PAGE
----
Introduction to Expression by Fusion Protein Vectors

Paul Riggs1, Edward R. La Vallie2, John M. McCoy2

1 New England Biolabs, Beverly, Massachusetts, 2 Genetics Institute, Cambridge, Massachusetts
Publication Name:  Current Protocols in Molecular Biology
Unit Number:  Unit 16.4A
DOI:  10.1002/0471142727.mb1604as28
Online Posting Date:  May, 2001
GO TO THE FULL TEXT: PDF or HTML at Wiley Online Library


This overview discusses issues involved with creating and manipulating vectors for expression of fusion proteins. The requirements for efficient translation include a promoter and a start codon, along with the fact that the mRNA encoding the protein to be expressed must contain a ribosome‐binding site that is not blocked by mRNA secondary structure. The level of expression is also affected by codon preferences, and may be affected by the coding sequence in other ways that are not yet well understood. In virtually all cases, these problems can be solved by altering the sequence preceding the start codon, and/or by making changes in the 5′ end of the coding sequence that do not change the protein sequence, taking advantage of the degeneracy of the genetic code. However, it is often quicker to solve these problems by making fusions between genes. In this approach the cloned gene is introduced into an expression vector 3′ to a sequence (carrier sequence) coding for the amino terminus of a highly expressed protein (carrier protein). The carrier sequence provides the necessary signals for good expression, and the expressed fusion protein contains an N‐terminal region encoded by the carrier. The carrier sequence can also code for an entire functional moiety or even for an entire protein that can be exploited in purifying the protein, either with antibodies or with an affinity purification specific for that carrier protein. Alternatively unique physical properties of the carrier protein (e.g., heat stability) can be exploited to allow selective purification of the fusion protein. Often, proteins fused to these carriers can be separated from the bulk of intracellular contaminants by taking advantage of special attributes.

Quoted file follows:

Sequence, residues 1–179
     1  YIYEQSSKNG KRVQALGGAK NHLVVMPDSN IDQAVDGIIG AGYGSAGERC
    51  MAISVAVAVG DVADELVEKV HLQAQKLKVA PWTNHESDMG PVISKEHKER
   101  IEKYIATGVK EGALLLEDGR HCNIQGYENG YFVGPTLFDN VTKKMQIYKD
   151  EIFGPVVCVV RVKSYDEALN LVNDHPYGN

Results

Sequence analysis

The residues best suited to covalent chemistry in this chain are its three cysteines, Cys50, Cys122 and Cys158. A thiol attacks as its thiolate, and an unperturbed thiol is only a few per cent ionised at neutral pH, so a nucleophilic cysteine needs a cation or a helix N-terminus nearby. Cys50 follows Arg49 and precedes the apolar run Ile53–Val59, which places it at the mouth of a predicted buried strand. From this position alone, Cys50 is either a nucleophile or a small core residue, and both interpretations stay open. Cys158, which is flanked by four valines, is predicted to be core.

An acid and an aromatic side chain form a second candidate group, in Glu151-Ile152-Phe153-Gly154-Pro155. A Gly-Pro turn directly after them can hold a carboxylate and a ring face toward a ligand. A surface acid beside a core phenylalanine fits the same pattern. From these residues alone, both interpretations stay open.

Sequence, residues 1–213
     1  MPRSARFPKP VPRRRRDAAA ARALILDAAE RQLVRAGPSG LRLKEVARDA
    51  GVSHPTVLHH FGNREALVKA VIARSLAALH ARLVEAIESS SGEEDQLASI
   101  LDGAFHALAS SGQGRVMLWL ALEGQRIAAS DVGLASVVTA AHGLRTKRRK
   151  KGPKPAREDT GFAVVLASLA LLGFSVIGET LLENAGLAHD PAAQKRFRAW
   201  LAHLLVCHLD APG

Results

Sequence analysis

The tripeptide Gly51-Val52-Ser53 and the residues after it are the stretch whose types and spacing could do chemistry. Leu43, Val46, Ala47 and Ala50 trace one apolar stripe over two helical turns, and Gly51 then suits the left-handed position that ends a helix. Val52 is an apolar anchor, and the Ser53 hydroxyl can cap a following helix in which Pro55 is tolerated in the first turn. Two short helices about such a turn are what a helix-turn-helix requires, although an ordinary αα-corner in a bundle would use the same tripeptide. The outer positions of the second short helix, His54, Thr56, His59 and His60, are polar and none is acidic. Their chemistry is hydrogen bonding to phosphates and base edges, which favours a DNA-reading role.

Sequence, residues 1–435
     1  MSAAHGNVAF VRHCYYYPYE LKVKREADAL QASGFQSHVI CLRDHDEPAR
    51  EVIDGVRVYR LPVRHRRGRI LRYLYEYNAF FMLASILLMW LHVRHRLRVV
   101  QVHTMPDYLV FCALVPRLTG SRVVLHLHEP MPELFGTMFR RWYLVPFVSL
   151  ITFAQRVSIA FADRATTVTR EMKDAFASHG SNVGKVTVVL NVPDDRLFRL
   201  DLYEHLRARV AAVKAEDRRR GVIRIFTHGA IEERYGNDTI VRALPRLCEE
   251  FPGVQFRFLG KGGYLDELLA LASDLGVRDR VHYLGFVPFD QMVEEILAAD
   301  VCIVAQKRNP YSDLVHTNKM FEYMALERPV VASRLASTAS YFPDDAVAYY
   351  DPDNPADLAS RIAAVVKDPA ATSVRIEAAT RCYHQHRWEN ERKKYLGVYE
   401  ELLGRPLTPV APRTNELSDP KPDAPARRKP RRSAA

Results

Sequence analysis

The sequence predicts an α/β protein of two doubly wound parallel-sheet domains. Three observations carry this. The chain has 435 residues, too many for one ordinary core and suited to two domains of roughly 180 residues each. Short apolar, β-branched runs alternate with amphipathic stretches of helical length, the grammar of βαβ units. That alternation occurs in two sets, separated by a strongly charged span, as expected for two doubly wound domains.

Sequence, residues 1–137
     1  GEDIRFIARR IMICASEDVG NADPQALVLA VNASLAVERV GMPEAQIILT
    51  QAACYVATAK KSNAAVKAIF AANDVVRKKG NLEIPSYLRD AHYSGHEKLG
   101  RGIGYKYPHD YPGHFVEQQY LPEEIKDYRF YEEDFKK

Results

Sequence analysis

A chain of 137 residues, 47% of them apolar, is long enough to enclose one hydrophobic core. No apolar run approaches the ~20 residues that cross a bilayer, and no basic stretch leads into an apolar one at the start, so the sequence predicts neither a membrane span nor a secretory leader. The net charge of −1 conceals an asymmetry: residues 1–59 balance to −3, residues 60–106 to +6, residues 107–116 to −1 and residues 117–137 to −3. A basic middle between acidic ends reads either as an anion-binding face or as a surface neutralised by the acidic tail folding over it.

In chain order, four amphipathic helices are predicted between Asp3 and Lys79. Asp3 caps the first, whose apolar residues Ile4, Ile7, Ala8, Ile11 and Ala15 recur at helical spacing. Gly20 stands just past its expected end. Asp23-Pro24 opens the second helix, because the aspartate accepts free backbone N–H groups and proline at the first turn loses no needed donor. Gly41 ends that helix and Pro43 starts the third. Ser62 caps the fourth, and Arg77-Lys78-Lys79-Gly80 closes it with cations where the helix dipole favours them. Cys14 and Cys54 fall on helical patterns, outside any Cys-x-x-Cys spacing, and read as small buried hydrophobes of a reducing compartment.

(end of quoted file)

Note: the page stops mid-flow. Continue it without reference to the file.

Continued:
PDF or HTML at Wiley Online Library

Table of Contents

  • Solubility of the Expressed Protein
  • Stability of the Expressed Protein
  • Cleavage of Fusion Proteins to Remove the Carrier
  • Literature Cited
PDF or HTML at Wiley Online Library


PDF or HTML at Wiley Online Library



Literature Cited

Literature Cited
   Amann, E. and Brosius, J. 1985. “ATG vectors” for regulated high‐level expression of cloned genes in Escherichia coli. Gene 40:183‐190.
   Baker, T.A., Grossman, D., and Gross, C.A. 1984. A gene regulating the heat shock response in Escherichia coli also affects proteolysis. Proc. Natl. Acad. Sci. U.S.A. 81:6779‐6783.
   Bishia, W.R., Rappuoli, R., and Murphy, J.R. 1987. High‐level expression of a proteolytically sensitive diphtheria toxin fragment in Escherichia coli. J. Bacteriol. 169:5140‐5151.
   Bornstein, P. and Balian, G. 1977. Cleavage at Asn‐Gly bonds with hydroxylamine. Methods Enzymol. 47:132‐145.